July 18, 2017

Black Girl Ventures

Black Girl Vision (BGV) is a social enterprise dedicated to finding creative solutions to dissolve the race and gender gap in access to capital. Our mission is to expose women of color to economic independence via empowerment and entrepreneurship by developing initiatives in micro-finance, business development and community building.

Black Girl Vision was founded in August 2016 by serial entrepreneur, artist and author, Shelly Bell. The idea felt random and simple, “women are not getting access to capital for their business, well let’s get them access to capital for their businesses,” Shelly proclaims.

She created a Meetup.com group and within a couple weeks the membership went from 0 to 150 and kept climbing. Shelly launched the first event called “Eat, Pitch, Vote” with the simple idea to bring women of color (WOC) together to discuss entrepreneurship, partnership, and support through collective economics. About 30 women were in attendance and ready to support each other with the intent of growing their businesses. Since then, visibility has grown rapidly “Eat, Pitch, Vote” is now “Boss Up.” Event attendance has grown from 30 to over 50 people per event. The number of applications received has grown from 4 to over 40 for each event.

“Boss Up” is BGV’s signature pitch competition. As method of combating the lack of access to capital in our community we convene and collect donations to create the “vision fund.” Women of color sign up to pitch their ideas, the community votes and one woman walks away with seed funding for her business. Along with funding she receives an accounting consultation, a legal consultation, 12 free t-shirts for her business and more! Black Girl Vision also hosts social gatherings, networking and story sharing events.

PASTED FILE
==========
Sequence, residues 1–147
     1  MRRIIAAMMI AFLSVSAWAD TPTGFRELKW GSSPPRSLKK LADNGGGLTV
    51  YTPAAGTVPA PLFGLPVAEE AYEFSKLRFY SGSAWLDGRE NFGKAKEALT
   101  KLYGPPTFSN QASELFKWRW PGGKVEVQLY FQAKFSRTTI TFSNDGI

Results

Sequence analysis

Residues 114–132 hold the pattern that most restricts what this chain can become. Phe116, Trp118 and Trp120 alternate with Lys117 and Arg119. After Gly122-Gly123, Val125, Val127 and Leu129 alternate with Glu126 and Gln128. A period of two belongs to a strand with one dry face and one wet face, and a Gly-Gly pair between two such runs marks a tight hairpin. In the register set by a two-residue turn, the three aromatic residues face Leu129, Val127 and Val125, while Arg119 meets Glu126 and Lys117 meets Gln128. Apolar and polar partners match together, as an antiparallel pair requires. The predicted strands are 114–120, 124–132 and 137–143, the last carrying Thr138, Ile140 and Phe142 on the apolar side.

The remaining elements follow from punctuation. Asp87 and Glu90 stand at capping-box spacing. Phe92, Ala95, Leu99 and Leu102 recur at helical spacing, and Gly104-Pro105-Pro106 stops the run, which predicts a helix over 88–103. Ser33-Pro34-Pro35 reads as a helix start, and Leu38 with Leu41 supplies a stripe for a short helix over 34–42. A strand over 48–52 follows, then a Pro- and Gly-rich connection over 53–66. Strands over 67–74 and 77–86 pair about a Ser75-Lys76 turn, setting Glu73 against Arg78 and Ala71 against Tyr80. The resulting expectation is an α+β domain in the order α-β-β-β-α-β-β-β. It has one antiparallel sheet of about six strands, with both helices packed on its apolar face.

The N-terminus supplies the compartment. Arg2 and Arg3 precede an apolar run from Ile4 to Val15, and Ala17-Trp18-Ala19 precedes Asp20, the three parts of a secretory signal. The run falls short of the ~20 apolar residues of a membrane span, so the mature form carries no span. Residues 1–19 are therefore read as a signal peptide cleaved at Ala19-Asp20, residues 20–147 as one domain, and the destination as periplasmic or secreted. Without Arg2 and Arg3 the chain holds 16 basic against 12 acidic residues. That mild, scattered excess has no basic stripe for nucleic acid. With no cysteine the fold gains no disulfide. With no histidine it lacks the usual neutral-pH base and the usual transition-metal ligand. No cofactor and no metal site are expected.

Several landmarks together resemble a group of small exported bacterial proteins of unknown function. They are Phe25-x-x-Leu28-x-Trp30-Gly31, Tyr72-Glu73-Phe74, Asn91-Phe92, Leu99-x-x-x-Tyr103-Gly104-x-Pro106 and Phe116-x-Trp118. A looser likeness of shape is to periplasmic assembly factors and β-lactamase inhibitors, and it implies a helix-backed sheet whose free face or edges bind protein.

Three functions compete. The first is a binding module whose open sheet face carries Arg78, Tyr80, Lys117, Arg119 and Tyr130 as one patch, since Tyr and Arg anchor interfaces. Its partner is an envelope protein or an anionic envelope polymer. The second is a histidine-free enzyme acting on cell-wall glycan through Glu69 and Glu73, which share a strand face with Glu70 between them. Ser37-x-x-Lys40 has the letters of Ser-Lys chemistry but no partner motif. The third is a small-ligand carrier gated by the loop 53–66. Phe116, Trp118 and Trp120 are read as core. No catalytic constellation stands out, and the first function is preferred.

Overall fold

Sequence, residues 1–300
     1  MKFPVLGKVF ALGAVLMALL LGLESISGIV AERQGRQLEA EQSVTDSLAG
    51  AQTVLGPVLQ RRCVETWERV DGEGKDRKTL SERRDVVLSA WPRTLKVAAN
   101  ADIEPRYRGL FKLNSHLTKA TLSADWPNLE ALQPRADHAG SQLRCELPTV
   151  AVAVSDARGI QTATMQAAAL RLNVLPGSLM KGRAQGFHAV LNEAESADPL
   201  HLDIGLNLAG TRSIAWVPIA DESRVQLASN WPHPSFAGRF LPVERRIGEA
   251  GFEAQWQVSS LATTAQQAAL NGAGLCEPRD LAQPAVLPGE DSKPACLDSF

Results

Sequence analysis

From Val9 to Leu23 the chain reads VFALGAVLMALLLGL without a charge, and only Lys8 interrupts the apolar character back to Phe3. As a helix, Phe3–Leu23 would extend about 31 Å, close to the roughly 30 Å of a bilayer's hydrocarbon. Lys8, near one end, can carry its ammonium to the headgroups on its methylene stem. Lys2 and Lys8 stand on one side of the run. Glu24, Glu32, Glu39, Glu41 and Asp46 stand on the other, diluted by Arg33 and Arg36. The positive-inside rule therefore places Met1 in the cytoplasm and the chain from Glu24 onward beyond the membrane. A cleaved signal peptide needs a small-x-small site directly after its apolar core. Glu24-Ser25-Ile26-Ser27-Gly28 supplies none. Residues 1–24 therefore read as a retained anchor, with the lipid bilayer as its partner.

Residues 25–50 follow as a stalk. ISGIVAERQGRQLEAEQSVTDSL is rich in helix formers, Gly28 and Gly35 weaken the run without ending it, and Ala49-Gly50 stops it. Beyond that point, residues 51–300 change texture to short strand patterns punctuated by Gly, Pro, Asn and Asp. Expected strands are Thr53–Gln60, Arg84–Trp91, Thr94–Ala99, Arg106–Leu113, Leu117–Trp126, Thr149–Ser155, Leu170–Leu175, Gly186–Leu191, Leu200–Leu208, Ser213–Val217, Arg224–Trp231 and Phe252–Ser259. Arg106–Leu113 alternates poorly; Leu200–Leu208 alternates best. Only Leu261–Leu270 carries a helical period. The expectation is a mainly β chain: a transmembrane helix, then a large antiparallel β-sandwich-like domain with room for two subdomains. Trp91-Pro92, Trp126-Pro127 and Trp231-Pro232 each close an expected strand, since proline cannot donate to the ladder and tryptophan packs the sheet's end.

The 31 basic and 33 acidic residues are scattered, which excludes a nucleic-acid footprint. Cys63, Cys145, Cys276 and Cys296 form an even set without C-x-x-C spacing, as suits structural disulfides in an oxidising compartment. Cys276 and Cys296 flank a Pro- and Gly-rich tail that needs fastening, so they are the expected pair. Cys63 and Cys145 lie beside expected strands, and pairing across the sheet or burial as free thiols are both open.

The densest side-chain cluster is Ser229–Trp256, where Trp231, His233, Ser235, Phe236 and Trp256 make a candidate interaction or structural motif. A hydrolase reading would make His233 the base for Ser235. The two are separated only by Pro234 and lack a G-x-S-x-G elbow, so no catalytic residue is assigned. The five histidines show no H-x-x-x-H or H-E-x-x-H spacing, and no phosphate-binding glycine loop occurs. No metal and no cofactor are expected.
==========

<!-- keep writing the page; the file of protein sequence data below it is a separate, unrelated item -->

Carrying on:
Historically, African Americans have been finding creative ways to fund themselves for decades. The “Boss Up” Pitch Competition is patterned after what has been known in African American culture as a “rent party.” In the early 1920’s over 200, 000 negroes migrated to Harlem for job opportunities. Due to discriminatory rental rates it became challenging to pay the rent. Harlemnites would charge an admission fee, invite musicians to play and raise the money to pay the rent with basement parties.

Currently, black women are starting businesses at 6 times the national average, but are not seeing the same receipts as other founders. The majority of Venture Capitalist are white males who are more likely to invest in people who “look like them.” Loans have been noted (in recent years) as discriminating against people of color. There are 3 major areas where women of color are in need of support: access to capital, access to influential networks and the ability to hire employees. The lack of access to capital for women is becoming a more prevalent part of the entrepreneurial conversation however solutions to solve the issue are still evolving.

Black Girl Vision is specifically focused on creating access to capital for women. All programming is centered on addressing this issue head on. The Boss Up Pitch Competition uses the rent party model to create a space where the community invests their money and time into the women who sign up to pitch. The Money Trees Bootcamp flips traditional  business development training on it’s side by addressing every part of business development from the angle of access to capital.